Characterization of groundwater dynamics in landslides in varved clays
Groundwater dynamics may play a significant role in landslides. A detailed model is developed of the groundwater dynamics in landslides in varved clays in the Trièves area in the French Alps. The varved clays consist of a sequence of alternating silt and clay layers, covered by a colluvium layer and intersected by fissures. The hydraulic conductivity of the clay layers is negligible compared to the silt layers. It is conceptualized that fissures form a hydraulic connection between the colluvium and the varved clays. Groundwater recharge flows through the colluvium into the fissures, where water is exchanged horizontally between the fissure and the silt layers of the varved clays. Groundwater flow in the colluvium is simulated with the Boussinesq equation, while flow in the silt layers of the varved clays is simulated with the Richards equation. Longitudinal outflow from the fissure is simulated with a linear-reservoir model. Scattered data of relatively short monitoring periods is available for several landslides in the region. A good similarity between observed and simulated heads is obtained, especially when considering the lack of important physical parameters such as the fissure width and the distance between the monitoring point and the fissure. A simulation for the period 1959–2004 showed some correlation between peaks in the simulated heads and the recorded occurrence of landslides, while the bottom of the varved clays remained saturated during the entire simulation period.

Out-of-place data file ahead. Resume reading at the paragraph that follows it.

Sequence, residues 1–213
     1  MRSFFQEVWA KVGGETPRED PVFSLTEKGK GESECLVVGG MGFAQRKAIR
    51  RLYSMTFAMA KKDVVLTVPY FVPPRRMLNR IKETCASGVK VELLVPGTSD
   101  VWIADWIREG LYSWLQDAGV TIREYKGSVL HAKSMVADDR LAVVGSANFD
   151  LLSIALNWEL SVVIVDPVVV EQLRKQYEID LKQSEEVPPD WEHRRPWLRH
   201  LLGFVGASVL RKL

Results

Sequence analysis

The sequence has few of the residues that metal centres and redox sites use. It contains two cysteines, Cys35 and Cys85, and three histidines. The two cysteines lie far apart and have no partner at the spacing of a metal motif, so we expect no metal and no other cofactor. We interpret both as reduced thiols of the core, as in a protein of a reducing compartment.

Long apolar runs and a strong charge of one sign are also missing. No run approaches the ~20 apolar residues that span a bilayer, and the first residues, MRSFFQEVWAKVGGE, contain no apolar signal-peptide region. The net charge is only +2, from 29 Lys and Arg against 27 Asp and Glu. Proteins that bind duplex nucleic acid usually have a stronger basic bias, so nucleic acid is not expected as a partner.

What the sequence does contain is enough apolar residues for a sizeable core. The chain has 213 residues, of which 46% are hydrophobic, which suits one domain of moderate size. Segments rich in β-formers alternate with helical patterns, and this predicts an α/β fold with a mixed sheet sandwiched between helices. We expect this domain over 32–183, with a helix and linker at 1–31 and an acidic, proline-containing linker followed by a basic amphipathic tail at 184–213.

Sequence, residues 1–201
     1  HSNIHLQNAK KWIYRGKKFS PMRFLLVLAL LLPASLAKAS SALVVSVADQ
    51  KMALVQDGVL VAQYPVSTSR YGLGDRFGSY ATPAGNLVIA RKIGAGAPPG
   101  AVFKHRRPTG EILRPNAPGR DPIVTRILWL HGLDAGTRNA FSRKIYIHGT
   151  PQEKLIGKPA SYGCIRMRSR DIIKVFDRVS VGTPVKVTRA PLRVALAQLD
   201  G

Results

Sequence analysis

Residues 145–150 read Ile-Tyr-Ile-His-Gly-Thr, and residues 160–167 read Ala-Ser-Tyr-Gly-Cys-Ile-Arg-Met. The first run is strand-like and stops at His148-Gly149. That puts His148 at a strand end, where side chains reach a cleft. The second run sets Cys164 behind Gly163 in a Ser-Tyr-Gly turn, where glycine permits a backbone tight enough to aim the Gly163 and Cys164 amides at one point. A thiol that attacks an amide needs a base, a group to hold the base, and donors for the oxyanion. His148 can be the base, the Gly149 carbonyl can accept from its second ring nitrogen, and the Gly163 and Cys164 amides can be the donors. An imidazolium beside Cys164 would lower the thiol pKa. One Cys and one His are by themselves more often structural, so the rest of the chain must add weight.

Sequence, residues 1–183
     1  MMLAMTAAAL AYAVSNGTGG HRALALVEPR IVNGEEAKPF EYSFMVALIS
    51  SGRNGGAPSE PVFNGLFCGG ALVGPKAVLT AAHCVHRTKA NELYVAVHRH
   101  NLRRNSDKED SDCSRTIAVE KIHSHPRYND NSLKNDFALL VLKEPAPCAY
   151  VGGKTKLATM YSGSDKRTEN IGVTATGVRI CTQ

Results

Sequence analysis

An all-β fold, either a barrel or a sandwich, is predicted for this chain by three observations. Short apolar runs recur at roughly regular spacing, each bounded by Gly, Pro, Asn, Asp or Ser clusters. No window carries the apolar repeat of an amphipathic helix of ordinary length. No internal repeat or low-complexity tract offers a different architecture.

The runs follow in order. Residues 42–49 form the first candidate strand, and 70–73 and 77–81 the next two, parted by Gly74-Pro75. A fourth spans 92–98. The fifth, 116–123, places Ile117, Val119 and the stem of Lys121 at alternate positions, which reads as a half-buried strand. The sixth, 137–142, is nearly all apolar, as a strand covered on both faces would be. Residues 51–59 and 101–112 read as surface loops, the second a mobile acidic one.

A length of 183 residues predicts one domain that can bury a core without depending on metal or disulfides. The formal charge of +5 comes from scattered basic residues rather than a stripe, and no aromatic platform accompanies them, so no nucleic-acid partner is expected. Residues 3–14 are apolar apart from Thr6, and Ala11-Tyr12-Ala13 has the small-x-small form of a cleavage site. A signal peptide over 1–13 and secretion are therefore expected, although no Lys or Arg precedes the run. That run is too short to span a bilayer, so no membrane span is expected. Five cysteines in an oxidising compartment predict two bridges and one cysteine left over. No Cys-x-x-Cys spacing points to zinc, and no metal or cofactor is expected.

van der Spek